In this narrative review, investigators look at evidence from the fields of health psychology and relationship science and highlight the direct (e.g., physiological) and indirect (e.g., behavioral, emotional) factors that link caregiver distress with caregivers’ own cardiovascular risk. For example, caregivers are more likely to continue to smoke and less likely to be physically active than individuals who provide no or low levels of care; their diets tend to be high in saturated fat intake leading to greater body mass indexes; they spend less time engaging in self-care activities and report poor preventive health behaviors; they experience less or disordered sleep; and demonstrate poor adherence to medication. Spousal caregivers have higher levels of depressive symptoms, physical and financial burden, relationship strain, and lower levels of positive psychological wellbeing compared to adult children caregivers, for example.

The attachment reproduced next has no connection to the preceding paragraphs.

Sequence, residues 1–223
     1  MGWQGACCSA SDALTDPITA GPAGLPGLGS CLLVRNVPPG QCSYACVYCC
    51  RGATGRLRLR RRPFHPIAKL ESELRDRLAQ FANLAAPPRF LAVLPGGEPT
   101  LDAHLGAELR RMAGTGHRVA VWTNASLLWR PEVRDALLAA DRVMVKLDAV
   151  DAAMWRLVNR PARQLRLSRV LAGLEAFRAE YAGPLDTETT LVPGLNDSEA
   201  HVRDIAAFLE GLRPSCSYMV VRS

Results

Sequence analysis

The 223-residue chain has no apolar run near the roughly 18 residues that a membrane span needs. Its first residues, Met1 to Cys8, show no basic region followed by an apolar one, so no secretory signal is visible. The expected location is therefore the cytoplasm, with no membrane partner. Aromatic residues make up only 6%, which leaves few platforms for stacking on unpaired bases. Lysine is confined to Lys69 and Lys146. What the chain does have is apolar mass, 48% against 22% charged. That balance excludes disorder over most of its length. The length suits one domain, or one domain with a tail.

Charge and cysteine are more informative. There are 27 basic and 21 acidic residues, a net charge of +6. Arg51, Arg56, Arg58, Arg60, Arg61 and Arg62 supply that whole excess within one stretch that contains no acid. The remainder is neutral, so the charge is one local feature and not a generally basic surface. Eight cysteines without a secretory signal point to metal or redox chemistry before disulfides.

The researchers report that the risk of hypertension and metabolic syndrome may be directly related to high-intensity caregiving, defined as providing more than 14 hours of caregiving per week over two consecutive years. They also report findings that estimate the economic contribution of caregivers’ unpaid labor to be $26 billion annually in Canada, which is projected to increase to $128 billion by 2035 (likely translating to over a trillion dollars each in the USA and Europe).
The investigators contend that the cardiovascular health of both patient and caregiver could be improved by enhancing the quality of the patient-caregiver relationship. They describe a proof of concept testing of Healing Hearts Together, a relationship-enhancement and educational program for patients and partners. Based on attachment theory, which states that close emotional bonds are essential when faced with a threat such as a cardiac event, the program guides couples through conversations in which they review information on heart health and attachment; share their unique experiences with heart disease with partners and peers; and learn to clearly communicate their need for connection and reassurance. This connection enhances couple satisfaction and problem solving. Participants reported improvements in relationship quality, mental health, and select quality of life measures. A controlled evaluation of the impact of the program on cardiovascular risk factors is underway.